Objective: The purpose of this activity is to build a positive sense of community. Each volunteer gets to practice communicating why their classmates matter to them, and each student gets to feel the reward of knowing that they matter to someone else. The goal is to ensure that each student understands that building a positive classroom environment is everyone’s responsibility and to set a tone for positive communication between peers.

Lesson Instructor: The teacher facilitates, ensuring that everyone is included at least once during the course of the game.

Materials: None


The group stands in a circle facing outward with their eyes closed in silence. Ask for volunteers to raise their hands. Let students know that not everyone who wants to volunteer will be selected each time, but there will be multiple opportunities to be a volunteer.
Select two individuals to step into the circle and say, “Without speaking, tap  X number of people who matter because of _______.” (Note: The lesson instructor should participate in this activity.)
After the volunteers finish tapping the stated number of people, they step back into the circle in silence.
Continue this procedure with the following statements, asking for a new group of volunteers each time.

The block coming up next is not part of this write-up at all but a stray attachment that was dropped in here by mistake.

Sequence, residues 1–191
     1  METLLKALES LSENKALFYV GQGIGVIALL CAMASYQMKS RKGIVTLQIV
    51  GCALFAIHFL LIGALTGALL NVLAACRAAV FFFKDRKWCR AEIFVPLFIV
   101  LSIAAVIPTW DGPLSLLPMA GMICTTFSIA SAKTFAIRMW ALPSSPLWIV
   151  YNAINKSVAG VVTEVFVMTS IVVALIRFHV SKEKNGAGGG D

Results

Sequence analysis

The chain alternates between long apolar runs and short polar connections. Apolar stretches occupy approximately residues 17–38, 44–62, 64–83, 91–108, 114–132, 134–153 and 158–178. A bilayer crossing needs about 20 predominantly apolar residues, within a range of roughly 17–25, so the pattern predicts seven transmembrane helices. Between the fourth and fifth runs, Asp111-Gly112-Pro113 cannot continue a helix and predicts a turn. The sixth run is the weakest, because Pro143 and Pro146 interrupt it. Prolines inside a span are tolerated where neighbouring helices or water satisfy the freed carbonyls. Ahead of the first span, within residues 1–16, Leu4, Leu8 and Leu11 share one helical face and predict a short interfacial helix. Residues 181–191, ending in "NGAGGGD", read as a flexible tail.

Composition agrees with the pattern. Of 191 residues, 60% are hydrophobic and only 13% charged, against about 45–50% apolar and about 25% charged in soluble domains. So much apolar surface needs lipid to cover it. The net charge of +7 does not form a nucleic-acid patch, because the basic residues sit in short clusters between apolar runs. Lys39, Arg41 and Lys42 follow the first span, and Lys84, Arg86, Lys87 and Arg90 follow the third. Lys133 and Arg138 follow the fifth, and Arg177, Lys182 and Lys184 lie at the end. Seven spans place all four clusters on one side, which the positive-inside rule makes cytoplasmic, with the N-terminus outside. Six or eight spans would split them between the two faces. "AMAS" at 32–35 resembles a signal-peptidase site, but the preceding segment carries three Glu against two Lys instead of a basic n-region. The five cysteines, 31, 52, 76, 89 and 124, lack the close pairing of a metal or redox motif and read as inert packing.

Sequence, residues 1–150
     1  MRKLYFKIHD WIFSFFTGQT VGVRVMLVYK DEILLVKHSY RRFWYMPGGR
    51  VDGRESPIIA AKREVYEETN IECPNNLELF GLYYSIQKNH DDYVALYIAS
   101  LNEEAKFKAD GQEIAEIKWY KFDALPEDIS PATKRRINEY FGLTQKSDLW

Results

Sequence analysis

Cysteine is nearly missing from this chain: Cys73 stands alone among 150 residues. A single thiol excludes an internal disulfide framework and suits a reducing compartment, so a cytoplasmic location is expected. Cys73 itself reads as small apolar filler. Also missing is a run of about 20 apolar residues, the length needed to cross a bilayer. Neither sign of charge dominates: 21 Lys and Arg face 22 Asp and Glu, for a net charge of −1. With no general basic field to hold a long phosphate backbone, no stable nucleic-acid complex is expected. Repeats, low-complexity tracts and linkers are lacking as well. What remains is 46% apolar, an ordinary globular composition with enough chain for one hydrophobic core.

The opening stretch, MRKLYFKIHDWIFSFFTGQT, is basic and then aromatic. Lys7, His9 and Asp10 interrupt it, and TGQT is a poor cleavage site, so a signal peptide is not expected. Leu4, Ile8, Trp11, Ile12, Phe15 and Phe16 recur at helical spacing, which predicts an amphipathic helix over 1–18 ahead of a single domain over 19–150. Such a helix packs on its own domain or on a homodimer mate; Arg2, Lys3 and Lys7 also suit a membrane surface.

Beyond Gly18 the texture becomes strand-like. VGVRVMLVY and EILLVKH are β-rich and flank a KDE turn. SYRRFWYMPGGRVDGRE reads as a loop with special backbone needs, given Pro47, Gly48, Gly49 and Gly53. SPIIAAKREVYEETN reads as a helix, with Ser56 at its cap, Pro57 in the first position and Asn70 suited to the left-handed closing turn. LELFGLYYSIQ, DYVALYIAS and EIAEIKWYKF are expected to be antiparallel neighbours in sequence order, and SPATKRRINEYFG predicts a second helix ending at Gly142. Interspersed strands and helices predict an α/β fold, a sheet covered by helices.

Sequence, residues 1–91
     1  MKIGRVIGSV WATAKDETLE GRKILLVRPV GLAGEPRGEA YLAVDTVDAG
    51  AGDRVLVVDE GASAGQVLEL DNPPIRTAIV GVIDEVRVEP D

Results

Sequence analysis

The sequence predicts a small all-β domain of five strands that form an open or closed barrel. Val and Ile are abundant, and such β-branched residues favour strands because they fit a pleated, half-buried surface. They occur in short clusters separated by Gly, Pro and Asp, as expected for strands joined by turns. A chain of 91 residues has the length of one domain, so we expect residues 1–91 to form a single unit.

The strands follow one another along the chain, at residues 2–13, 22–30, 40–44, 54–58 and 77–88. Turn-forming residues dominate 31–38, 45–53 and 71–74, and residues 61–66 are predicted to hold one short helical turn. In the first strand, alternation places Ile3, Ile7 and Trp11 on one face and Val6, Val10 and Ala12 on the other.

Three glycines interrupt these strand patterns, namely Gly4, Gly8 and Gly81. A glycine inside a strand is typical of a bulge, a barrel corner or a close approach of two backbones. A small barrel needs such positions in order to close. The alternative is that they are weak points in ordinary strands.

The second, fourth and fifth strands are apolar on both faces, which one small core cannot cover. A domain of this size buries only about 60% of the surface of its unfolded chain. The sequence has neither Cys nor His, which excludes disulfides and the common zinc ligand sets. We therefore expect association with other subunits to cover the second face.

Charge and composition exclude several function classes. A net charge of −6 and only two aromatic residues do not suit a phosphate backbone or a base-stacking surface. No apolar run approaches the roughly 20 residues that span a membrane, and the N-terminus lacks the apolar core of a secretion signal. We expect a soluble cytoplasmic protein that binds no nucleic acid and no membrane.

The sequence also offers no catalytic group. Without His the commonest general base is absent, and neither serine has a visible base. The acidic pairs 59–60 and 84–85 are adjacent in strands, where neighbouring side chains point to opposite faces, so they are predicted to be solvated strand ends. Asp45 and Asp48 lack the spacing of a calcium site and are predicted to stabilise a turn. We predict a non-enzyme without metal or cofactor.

Tap six people who matter because they did something kind for you.
Tap three people who matter because you look up to them.
Tap two people who matter because they are your friends.
Tap five people who matter because they make you feel special.
Tap four people who matter because they are nice to others.
Tap five people who matter because they are smart.
Tap six people who matter because they are hard workers.
Tap three people who matter because they are good role models.
Tap two people who matter because they taught you something.
Tap seven people who matter because they are brave.

Finish the exercise by saying to the students, “Open your eyes. Look to your left. Look to your right. Tap both of your neighbors who matter because they won’t stand for bullies. Let this serve as a reminder to always tell your classmates why they matter and to be there to support them if anyone ever makes them feel otherwise.” The statements and numbers of individuals to tap can be tailored based on the audience.

Activity: Important Figures in Human Rights